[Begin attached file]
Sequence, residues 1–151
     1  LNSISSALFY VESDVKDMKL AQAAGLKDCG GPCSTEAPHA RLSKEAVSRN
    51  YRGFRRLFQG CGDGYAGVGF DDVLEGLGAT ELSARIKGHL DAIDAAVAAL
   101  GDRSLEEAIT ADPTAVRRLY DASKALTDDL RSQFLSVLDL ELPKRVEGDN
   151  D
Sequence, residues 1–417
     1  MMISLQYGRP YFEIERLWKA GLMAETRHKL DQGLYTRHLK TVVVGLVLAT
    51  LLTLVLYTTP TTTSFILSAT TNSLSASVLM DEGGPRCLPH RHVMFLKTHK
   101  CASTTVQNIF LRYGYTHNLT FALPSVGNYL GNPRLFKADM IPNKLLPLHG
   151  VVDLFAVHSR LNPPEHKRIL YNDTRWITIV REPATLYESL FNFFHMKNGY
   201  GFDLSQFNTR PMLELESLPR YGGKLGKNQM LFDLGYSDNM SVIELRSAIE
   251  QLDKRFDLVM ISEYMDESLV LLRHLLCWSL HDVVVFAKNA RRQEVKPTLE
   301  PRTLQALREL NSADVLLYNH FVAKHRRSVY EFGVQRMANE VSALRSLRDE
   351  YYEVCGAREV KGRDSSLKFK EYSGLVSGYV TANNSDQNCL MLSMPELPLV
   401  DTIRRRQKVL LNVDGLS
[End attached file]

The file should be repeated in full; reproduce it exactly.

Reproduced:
Sequence, residues 1–151
     1  LNSISSALFY VESDVKDMKL AQAAGLKDCG GPCSTEAPHA RLSKEAVSRN
    51  YRGFRRLFQG CGDGYAGVGF DDVLEGLGAT ELSARIKGHL DAIDAAVAAL
   101  GDRSLEEAIT ADPTAVRRLY DASKALTDDL RSQFLSVLDL ELPKRVEGDN
   151  D
Sequence, residues 1–417
     1  MMISLQYGRP YFEIERLWKA GLMAETRHKL DQGLYTRHLK TVVVGLVLAT
    51  LLTLVLYTTP TTTSFILSAT TNSLSASVLM DEGGPRCLPH RHVMFLKTHK
   101  CASTTVQNIF LRYGYTHNLT FALPSVGNYL GNPRLFKADM IPNKLLPLHG
   151  VVDLFAVHSR LNPPEHKRIL YNDTRWITIV REPATLYESL FNFFHMKNGY
   201  GFDLSQFNTR PMLELESLPR YGGKLGKNQM LFDLGYSDNM SVIELRSAIE
   251  QLDKRFDLVM ISEYMDESLV LLRHLLCWSL HDVVVFAKNA RRQEVKPTLE
   301  PRTLQALREL NSADVLLYNH FVAKHRRSVY EFGVQRMANE VSALRSLRDE
   351  YYEVCGAREV KGRDSSLKFK EYSGLVSGYV TANNSDQNCL MLSMPELPLV
   401  DTIRRRQKVL LNVDGLS